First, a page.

A recent study carried out by Bain & Company found that Indian and Southeast Asian conglomerates no longer hold an advantage in total shareholder returns over pure plays. It was also found that if these conglomerates, which have already started to underperform, do not reinvent themselves, they might face the wrath of investors. As conglomerates’ performance suffers, there will be calls from sceptical investors to break them up. This is what happened in the West. If this happens in India and Southeast Asia, a doom loop will be set in motion: conglomerates will be less able to attract talent, money and opportunities, further hurting their performance.
The study found that unless these conglomerates, in India and Southeast Asia, do not renew themselves, they might face the bleak fate of their Western counterparts.
For these conglomerates to survive, the study suggests, they will have to evolve their portfolios to reach a sustainable leadership position in each of their businesses. However, achieving and sustaining market leadership in a level playing field requires more managerial and financial attention. Conglomerates would be forced to make strategic decisions involving where to focus their efforts.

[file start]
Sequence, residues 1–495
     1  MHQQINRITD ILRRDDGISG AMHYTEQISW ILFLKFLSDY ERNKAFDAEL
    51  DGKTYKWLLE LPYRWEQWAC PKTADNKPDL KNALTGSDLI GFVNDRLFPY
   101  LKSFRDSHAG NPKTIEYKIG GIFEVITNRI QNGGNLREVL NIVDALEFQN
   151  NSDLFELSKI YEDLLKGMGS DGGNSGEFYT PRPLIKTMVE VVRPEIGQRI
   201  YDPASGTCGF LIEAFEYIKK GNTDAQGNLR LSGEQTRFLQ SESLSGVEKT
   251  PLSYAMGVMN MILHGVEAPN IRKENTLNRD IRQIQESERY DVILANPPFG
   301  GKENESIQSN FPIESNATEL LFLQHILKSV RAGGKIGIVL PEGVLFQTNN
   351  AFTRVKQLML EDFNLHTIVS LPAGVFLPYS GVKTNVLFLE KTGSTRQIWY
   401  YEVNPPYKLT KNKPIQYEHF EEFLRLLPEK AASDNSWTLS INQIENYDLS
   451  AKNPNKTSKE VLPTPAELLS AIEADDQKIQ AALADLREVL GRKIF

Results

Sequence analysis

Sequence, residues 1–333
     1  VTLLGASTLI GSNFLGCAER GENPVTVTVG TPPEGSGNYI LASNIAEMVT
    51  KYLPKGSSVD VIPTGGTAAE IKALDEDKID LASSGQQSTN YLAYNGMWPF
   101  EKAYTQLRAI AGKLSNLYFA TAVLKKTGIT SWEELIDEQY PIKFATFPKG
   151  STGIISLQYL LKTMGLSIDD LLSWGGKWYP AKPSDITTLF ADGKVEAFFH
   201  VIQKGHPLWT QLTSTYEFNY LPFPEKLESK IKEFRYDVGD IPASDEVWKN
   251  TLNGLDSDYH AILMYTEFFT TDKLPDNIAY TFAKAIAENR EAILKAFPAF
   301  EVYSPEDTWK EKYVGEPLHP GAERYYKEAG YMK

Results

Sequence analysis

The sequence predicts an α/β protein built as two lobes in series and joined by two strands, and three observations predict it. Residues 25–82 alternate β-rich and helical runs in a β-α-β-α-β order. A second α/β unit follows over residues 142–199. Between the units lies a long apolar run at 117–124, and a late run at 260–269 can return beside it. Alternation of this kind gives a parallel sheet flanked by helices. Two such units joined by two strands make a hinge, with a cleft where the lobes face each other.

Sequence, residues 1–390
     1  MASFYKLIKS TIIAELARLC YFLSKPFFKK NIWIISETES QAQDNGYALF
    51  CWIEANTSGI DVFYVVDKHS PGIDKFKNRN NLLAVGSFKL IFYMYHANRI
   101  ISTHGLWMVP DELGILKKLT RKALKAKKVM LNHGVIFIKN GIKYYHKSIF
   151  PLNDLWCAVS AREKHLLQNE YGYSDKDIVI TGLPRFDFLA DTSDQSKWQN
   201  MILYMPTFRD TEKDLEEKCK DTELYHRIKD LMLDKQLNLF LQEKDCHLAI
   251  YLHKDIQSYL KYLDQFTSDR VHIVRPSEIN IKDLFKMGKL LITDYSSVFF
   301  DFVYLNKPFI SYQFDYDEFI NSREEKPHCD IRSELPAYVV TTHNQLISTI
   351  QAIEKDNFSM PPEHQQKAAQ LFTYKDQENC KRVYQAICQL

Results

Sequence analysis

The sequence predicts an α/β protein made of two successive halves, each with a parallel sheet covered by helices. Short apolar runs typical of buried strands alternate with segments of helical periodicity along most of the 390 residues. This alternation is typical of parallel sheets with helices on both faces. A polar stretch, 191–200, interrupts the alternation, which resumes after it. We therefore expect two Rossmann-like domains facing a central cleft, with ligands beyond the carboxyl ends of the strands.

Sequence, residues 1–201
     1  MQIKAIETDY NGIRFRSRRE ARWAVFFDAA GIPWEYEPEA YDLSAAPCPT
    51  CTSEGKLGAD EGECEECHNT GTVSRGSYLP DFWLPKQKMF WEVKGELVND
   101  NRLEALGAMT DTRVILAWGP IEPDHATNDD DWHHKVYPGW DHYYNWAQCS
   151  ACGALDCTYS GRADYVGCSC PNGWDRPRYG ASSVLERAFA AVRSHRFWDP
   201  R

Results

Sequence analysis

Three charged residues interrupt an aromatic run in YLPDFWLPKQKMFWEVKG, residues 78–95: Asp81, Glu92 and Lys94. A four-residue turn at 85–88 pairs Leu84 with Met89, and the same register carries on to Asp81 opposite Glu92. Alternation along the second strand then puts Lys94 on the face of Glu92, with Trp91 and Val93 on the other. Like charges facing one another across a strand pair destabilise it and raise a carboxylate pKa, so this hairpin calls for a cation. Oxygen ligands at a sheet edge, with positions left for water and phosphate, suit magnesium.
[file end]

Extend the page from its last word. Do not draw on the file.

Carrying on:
Fortunately, these giants can look to the actions of the top-quartile performers, which have maintained a hefty conglomerate premium, to show the way. Indeed some conglomerates in the region have done especially well, outperforming pure plays by more than 13 percentage points on average, while the rest underperformed by an average 5 points.
The top-performing conglomerates include Thailand’s Charoen Pokphand Group and Berli Jucker Public Company, Malaysia’s Hap Seng consolidated, India’s Bajaj Group, the Philippines’ DMCI Holdings and Indonesia’s Sinar Mas Group. The study found that these conglomerates have a clear ambition, articulate their parenting advantage, and make strategic portfolio and financial choices to deliver superior growth.